If you are not sure whether direct cremation is right for you or for your loved ones, this article will help you decide. The process of cremating the body of the deceased involves the use of very high temperature to reduce the body to bone fragments. It is considered as the simplest form of final disposition against burying a body in the ground. However, most people who prefer to have their deceased loved one cremated still want to hold a visitation or wake or funeral beforehand with the embalmed body in an open casket, whether in a church, funeral home or other location decided by the family.
This type of burial involves only the minimal services needed to cremate a body. These generally include the following:
•Local pickup and transport of the deceased from the location of death to the cremation provider like crematory or funeral home.
•Processing and filing of all the legal documents needed like the death certificate and the authorization to cremate.
•Placement of the deceased in an alternative container – a rigid, cardboard box with a cover.
•The process of cremating the body using a chamber known as a cremator or retort. It is an industrial furnace designed and manufactured to reduce a dead body to bone fragments.
•Return of the ashes to the family in a special container. The relative may provide the urn, but sometimes it is included in the package.
Cremation is less costly as compared to the traditional funeral service which involve the burying the body in the ground. The reason for this is that cremating a body does not require embalming, fix features, dress, customization, hair arrangement of the deceased and others. The cost of cremating the deceased in the US is around $1,000 but differs widely. In New Jersey, this type of burial service is offered at $695, while in Colorado it is offered for $1,295. If you choose to have the deceased body of your loved one cremated, you can arrange and have a memorialization or funeral service after the process.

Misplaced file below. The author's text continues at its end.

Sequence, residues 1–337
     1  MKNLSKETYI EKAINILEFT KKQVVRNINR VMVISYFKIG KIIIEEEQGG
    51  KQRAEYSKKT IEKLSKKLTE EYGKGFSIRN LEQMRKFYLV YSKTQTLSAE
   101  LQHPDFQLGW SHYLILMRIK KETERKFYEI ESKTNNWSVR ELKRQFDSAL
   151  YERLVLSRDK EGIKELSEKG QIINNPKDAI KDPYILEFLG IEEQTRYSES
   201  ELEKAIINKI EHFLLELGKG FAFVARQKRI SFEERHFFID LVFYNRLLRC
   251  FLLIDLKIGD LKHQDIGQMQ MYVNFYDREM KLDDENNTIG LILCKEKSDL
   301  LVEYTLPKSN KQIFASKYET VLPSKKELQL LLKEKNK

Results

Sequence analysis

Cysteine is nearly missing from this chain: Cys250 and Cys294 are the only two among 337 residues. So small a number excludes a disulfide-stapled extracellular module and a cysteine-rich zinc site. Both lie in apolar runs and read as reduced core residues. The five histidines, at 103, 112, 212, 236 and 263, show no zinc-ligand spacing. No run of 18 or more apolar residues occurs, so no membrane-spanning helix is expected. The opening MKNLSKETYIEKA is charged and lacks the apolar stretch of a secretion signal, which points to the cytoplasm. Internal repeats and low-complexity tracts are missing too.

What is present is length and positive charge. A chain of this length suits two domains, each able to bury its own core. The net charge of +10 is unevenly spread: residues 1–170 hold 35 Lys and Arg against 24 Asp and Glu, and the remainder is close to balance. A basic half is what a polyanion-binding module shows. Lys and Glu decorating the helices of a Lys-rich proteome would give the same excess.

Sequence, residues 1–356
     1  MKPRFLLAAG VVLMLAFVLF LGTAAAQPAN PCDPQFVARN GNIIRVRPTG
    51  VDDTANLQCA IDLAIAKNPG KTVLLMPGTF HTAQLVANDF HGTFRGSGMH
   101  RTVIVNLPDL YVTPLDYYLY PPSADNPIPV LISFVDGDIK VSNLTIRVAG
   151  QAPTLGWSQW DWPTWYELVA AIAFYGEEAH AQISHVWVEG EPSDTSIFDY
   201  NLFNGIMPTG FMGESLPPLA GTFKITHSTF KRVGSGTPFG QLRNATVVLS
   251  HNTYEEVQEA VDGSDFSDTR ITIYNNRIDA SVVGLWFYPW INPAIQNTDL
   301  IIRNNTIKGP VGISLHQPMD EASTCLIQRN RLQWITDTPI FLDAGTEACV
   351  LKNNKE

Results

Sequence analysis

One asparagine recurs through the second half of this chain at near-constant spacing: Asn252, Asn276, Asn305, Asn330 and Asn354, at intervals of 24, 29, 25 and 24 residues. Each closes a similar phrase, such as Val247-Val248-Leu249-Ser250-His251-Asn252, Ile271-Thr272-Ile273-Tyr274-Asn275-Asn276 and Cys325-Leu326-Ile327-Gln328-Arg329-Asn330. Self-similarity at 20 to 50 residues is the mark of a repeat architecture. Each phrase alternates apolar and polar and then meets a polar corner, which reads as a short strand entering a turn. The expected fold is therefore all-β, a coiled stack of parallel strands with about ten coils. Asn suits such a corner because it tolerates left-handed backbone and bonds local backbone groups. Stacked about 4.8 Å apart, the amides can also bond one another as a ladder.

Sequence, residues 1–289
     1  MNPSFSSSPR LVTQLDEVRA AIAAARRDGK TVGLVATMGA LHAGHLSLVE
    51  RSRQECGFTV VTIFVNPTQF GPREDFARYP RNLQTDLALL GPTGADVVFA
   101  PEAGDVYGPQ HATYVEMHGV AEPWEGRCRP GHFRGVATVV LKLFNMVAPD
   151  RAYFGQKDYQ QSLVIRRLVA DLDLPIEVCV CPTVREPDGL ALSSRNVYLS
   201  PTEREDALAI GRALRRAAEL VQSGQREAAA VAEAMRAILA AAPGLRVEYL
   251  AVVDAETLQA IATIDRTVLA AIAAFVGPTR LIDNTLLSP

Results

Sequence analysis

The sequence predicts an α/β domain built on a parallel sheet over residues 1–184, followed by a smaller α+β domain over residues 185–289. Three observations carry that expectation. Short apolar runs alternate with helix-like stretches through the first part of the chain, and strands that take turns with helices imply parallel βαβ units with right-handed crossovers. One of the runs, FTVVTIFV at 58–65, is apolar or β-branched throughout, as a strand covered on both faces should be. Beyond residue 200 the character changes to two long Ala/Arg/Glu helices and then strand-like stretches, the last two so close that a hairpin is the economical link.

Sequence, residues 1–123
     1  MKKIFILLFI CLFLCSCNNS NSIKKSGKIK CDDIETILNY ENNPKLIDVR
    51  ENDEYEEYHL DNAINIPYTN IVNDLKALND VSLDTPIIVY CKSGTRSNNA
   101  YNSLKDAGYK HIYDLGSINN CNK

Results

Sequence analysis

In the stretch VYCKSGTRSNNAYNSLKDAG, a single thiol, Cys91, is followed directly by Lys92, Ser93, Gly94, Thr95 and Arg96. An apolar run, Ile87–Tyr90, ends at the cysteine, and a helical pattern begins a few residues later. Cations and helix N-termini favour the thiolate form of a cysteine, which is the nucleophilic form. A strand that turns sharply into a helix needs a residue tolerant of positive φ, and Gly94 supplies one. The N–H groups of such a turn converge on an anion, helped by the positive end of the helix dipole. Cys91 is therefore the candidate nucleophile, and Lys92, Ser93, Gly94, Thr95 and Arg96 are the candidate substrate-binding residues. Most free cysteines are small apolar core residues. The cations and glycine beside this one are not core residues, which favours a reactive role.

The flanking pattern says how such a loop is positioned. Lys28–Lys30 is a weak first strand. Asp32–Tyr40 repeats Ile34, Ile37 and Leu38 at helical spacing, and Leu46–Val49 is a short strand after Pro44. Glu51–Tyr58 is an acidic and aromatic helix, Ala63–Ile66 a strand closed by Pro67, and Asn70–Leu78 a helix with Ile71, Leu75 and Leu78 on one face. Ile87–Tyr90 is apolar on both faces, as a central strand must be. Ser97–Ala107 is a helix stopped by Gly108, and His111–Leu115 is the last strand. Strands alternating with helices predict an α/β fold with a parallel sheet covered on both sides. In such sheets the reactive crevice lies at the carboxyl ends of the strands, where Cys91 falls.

How to Arrange a Cremation?
If you are thinking of a funeral service before the process, you will need to work with a funeral home. The funeral director can help you plan the service you like to have, and help you coordinate with the crematory that will carry out the process.
If you plan a direct cremation followed by a memorial service, you need to discuss things with a crematory directly. But, some states have laws concerning who may help you with the process. Generally, the funeral director should handle the arrangement. If you prefer to work directly with a crematory, it is best to reach out to your local crematories and discuss things with them concerning the laws and regulations in your area.
The Things You Need to Consider
Choose the crematories that will offer the best service at the best price. Since the costs and services of cremating the deceased vary greatly among providers, choose the provider with care. It is important that you are aware of the after-death legalities, and also your rights as a funeral consumer, as stated in the FTC’s Funeral Rule.
If you prefer to have a home funeral before cremating the body, some local municipalities may not allow this. Make sure that you check your municipalities federal and local laws thoroughly, as these may differ considerably by location. Some states require you to complete a death certificate, other important after-death documents and transit permit before transporting the body. Some funeral homes include the accomplishing of these documents in their package. However, you need to pay for the additional service and for the permits.